White Dwarfs can Continue Burning Hydrogen, Even After They’re Dead
White dwarfs are supposed to be dead remnants of stars, doomed to simply fade away into the background. But new observations show that some are able to maintain some semblance of life by wrapping themselves in a layer of fusing hydrogen.
White dwarfs are the dense leftover cores of sunlike stars. They are exposed to the universe when stars build up too much carbon and oxygen in their centers. They then tear themselves apart in a slow, agonizing process that eventually creates a planetary nebula. With all the outer layers stripped, the core remains – a white dwarf.
White dwarfs are inert. They don’t have enough mass to ignite nuclear fusion of their carbon and oxygen, and so they just sit there, slowly radiating away their heat for eons upon eons.
But new research is challenging that simple story.
“We have found the first observational evidence that white dwarfs can still undergo stable thermonuclear activity,” explained Jianxing Chen of the Alma Mater Studiorum Università di Bologna and the Italian National Institute for Astrophysics, who led this research. “This was quite a surprise, as it is at odds with what is commonly believed.”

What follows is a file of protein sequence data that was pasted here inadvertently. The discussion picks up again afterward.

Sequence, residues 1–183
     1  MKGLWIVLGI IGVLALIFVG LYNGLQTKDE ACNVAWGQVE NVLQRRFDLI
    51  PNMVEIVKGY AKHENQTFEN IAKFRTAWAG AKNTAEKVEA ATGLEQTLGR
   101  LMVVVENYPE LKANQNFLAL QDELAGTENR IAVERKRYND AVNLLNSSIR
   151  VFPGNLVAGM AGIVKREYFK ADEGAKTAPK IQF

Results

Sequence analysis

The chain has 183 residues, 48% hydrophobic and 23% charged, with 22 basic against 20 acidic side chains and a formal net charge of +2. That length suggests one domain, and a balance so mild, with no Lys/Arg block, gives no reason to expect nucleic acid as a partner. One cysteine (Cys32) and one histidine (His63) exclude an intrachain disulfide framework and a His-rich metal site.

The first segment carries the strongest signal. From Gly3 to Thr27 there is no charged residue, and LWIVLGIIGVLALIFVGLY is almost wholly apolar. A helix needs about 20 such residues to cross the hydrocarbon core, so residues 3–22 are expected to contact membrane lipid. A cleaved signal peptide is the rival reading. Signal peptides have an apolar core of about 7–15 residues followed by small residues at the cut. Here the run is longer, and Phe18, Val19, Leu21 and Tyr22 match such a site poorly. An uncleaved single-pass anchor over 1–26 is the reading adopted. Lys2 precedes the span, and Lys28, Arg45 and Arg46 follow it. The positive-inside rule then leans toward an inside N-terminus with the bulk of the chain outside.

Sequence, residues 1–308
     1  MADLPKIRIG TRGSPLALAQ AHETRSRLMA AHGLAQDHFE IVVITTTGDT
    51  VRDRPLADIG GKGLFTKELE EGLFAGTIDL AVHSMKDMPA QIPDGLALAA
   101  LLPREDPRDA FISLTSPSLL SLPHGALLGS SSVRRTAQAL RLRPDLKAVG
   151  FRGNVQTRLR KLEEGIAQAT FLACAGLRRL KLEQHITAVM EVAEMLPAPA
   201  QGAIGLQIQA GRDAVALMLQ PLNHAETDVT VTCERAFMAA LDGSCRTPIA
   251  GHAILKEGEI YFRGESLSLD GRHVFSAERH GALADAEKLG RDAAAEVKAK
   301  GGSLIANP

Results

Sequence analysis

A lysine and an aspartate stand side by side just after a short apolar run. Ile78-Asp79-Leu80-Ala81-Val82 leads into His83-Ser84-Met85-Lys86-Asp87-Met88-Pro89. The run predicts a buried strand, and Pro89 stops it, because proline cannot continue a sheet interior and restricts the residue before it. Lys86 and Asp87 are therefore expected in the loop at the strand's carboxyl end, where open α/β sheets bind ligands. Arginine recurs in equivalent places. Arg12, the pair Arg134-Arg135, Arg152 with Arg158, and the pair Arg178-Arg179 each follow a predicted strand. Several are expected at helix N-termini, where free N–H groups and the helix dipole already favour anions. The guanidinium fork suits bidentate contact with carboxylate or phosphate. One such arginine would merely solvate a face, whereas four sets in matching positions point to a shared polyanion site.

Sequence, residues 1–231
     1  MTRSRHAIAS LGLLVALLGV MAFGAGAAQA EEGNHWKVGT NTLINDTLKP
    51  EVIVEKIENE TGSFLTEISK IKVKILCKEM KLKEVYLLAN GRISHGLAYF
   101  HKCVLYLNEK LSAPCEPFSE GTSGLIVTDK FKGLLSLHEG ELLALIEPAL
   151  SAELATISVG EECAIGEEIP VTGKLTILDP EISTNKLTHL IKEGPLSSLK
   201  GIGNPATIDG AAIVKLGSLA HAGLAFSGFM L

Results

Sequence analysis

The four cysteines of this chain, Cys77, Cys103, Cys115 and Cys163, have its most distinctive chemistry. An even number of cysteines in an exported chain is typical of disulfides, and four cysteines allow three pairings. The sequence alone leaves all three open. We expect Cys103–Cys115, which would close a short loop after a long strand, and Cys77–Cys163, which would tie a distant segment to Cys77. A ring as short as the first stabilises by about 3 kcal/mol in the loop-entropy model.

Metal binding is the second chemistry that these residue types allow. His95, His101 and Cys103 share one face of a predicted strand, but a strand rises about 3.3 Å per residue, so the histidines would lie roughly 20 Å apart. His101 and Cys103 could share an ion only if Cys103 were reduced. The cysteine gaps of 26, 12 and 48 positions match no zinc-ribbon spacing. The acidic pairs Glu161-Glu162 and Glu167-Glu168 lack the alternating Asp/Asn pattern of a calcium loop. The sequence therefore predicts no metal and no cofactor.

The research team led by Chen compared two globular clusters, M3 and M13, with the Hubble Space Telescope. They especially focused on near-ultraviolet wavelengths, which allowed them to compare more than 700 white dwarfs inside the two clusters.
They found that the white dwarfs in M3 were pretty standard, but that M13 had two different populations: one set of normal white dwarfs, and another that were enveloped by an outer layer of hydrogen.
Combining the results with computer simulations, Chen and his colleagues determined that around 70% of the white dwarfs in M13 had so much hydrogen surrounding them that the shells were actively undergoing fusion. That fusion is able to keep the white dwarfs warmer for far longer than astronomers had previously thought possible.
Astronomers use established cooling time relationships to connect the temperature of a white dwarf to its age, which helps them better understand their origins and environment. The new research makes that relationship a little murkier.
“Our discovery challenges the definition of white dwarfs as we consider a new perspective on the way in which stars get old,” added Francesco Ferraro of the Alma Mater Studiorum Università di Bologna and the Italian National Institute for Astrophysics, who coordinated the study. “We are now investigating other clusters similar to M13 to further constrain the conditions which drive stars to maintain the thin hydrogen envelope which allows them to age slowly.”
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